Did you learn about the Pythagorean theorem in geometry class? And have you wondered whether it would be useful to you beyond the right triangles in the math worksheets you completed?
“I use it all the time” says Skeeter, who takes the designs for roads, sidewalks, ramps, bridges, and walls and figures out what measurements and materials make each structure work well for the people using it.
Hopefully when you walk through a park or along a sidewalk or when you bike along a designated bike lane, you enjoy the walk or ride and don’t think much about all of the things that could go wrong if it were poorly designed. You might admire the view, look for a friend, or wonder how long it will take you to get where you’re going. You’re probably not thinking “If it rains, will the water pool on this path?” Or “Will the pressure of the higher ground on one side of this wall cause it to collapse?”
We’re free to enjoy the parks and transportation systems of our cities and towns because civil engineers like Skeeter have put all sorts of careful work into making them as safe and comfortable as possible.
Perfectly flat sidewalks would catch the rain, creating wet, potentially slippery conditions. But sidewalks with too much of an angle would cause other problems, especially for people traveling by wheelchair.
How can Skeeter find the correct angles for these surfaces — angles that will let people walk and roll comfortably while water flows down nearby drains? Regulations set by the Americans with Disability Act (ADA) guide her, as does math. She uses tape measures, levels, and other tools to find the run and the height of each sidewalk, ramp, or stair and then uses the Pythagorean theorem and what she knows about percentages to make sure things will be safe. “Every time I turn around, it’s like ‘let me do that whole a squared plus b squared equals c squared.’”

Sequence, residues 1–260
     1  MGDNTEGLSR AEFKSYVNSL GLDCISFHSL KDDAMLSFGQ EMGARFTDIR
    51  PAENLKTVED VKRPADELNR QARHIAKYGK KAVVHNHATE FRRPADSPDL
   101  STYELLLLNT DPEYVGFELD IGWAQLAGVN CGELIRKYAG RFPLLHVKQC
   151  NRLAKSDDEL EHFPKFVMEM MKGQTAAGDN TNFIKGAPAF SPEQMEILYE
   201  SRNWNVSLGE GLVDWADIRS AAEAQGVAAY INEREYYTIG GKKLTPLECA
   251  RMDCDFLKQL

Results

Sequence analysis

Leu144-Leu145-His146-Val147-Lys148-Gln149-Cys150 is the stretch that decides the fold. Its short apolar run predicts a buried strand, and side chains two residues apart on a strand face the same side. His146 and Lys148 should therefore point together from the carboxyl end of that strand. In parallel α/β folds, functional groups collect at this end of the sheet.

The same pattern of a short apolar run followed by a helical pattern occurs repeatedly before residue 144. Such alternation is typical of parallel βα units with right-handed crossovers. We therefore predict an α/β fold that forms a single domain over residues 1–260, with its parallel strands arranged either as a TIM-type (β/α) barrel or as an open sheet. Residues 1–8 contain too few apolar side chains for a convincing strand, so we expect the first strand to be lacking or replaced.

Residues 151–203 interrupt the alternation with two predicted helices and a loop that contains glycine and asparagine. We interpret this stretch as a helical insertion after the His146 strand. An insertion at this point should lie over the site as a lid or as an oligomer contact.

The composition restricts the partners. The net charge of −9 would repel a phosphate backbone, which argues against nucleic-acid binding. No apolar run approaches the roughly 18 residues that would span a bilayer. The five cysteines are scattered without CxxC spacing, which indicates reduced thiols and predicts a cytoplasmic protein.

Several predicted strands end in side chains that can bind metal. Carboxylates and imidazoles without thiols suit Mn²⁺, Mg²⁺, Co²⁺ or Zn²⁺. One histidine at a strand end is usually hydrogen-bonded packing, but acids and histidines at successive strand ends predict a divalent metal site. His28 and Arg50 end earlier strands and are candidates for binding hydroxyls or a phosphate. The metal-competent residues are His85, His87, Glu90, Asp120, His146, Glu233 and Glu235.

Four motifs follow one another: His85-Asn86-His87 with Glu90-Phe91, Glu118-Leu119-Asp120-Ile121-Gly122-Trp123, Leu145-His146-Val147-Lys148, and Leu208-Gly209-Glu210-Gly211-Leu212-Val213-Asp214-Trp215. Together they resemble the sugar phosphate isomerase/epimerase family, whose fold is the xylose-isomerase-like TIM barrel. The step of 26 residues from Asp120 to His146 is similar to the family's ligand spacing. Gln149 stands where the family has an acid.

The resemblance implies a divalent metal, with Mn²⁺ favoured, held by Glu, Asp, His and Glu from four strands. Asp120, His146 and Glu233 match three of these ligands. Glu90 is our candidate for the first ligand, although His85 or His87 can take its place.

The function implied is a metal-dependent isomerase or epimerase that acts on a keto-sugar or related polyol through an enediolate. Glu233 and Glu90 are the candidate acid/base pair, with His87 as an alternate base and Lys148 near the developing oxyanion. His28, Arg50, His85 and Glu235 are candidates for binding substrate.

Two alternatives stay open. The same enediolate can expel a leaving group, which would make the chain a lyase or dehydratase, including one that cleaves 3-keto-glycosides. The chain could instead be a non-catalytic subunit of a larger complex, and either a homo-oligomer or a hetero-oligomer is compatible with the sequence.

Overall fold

When Math4Science spoke with Skeeter, she was working on the Union Turnpike exit of the Clearview Expressway, also in New York City. “We placed a lot of sidewalk over there with ADA curbs and ADA ramps. We had to check that all of the slopes met the requirements for ADA standard.”
While working on the Clearview, Skeeter also worked on a bike lane for Route 9A. As she did that, Skeeter was concerned about runoff: what would happen when it rained? Would there be ponding, which happens when water runs into an area and has no place to go? Puddles and larger flooded areas are dangerous for bike riders and also for the structure of the bike lane itself.
Drilling holes into the walls on the side of the bike lane — “weep holes” the rain could run into, instead of running down the wall and into bikers’ paths — solved the problem. “Say you have an area that is experiencing a lot of ponding because there’s no catch basin — no kind of drainage: there’s just walls. You don’t want the water to sit there but there’s no way to put in a massive drainage system.” “We’ll drill holes through the wall” — holes “big enough to allow the water to drain through” to get to drainage systems on the other side.
“When you drill these holes and you put in PVC pipe,” you also think about angles, says Skeeter. Not only do you want to angle the holes in ways that lets the water drain into and out of them but you also need “the pipe to be at a slope so that the water doesn’t just sit inside the pipe as well: it has to be at a certain angle and you have to determine which angle, so again, there’s the Pythagorean Theorem.”